The shipment was supposed to consist of 1,800 2,000-pound bombs and 1,700 500-pound bombs, officials told reporters, noting that the Israeli military has plenty of weapons supplied by the U.S. and other partners to conduct the Rafah operation should it choose to ignore U.S. concerns.

A second U.S. official described the pause as a "shot across the bow." 

WHITE HOUSE: 'WE HAVE NOT SEEN A PLAN': The pause may be largely symbolic at this point, but it does underscore the growing rift between Biden and Israeli Prime Minister Benjamin Netanyahu. In his Holocaust Days of Remembrance ceremony speech, Biden alluded to the tension in the relationship between the two close allies, even as he pledged never to abandon Israel.

"And my commitment to the safety of the Jewish people, the security of Israel, and its right to exist as an independent Jewish state is ironclad, even when we disagree," Biden said.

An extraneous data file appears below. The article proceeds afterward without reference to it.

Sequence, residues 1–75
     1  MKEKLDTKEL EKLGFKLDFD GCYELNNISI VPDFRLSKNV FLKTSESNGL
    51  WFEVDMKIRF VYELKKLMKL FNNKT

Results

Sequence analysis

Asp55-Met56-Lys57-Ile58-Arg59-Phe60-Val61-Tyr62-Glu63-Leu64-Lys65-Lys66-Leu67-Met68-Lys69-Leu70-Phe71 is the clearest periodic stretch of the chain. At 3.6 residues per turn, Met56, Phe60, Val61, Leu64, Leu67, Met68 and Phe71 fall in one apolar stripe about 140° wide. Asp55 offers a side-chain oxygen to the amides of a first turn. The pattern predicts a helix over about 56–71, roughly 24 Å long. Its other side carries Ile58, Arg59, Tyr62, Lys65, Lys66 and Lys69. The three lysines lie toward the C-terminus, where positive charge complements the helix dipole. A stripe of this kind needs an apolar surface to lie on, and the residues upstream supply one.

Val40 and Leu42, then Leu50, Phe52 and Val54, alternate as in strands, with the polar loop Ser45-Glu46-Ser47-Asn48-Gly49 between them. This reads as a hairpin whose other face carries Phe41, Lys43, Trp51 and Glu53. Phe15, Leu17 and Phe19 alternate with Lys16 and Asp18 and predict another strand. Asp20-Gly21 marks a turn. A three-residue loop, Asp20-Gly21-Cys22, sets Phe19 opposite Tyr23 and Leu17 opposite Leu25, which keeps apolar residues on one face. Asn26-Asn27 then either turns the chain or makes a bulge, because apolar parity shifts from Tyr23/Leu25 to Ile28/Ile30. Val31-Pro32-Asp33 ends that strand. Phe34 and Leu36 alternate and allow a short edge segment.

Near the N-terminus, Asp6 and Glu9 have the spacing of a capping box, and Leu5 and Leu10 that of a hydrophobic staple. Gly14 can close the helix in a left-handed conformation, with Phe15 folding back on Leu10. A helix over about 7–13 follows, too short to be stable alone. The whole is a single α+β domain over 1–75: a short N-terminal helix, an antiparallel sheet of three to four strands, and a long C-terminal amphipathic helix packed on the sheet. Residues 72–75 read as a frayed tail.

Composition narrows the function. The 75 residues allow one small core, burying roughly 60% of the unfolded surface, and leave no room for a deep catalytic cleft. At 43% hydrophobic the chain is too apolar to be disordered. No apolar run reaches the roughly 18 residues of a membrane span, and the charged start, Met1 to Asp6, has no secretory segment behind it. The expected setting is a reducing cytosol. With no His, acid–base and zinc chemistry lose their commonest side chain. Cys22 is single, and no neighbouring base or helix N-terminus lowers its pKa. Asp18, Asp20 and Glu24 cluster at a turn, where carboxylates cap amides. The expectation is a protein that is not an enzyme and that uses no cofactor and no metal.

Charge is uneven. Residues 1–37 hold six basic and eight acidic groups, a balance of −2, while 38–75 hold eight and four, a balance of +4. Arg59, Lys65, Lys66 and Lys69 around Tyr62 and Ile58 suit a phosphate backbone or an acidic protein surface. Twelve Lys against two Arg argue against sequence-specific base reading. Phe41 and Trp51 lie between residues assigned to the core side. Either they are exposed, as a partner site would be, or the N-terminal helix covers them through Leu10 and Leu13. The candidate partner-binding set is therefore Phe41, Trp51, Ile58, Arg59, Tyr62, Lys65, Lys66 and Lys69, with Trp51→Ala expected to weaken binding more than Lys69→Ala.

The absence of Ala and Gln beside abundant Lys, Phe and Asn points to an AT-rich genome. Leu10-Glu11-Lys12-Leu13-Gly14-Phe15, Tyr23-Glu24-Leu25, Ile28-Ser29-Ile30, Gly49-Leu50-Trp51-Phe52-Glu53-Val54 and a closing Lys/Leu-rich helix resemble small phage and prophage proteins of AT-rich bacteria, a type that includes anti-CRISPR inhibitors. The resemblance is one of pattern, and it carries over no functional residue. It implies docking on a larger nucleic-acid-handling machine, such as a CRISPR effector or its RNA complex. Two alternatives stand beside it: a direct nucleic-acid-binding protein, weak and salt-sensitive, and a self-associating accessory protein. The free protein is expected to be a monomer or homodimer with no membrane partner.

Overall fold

"We’ve repeatedly and consistently expressed those views about a major operation in Rafah in densely populated areas that would give higher risk to civilians and civilian casualties. President Biden made that very clear yesterday when he spoke to Prime Minister Netanyahu," John Kirby, spokesman for the National Security Council, said at the White House on Tuesday. "A major ground operation that would again put at risk more than a million people … all of the innocent civilians that were pushed down to Rafah because of operations further north, they all need to be factored in before we would be comfortable with some sort of major ground operation."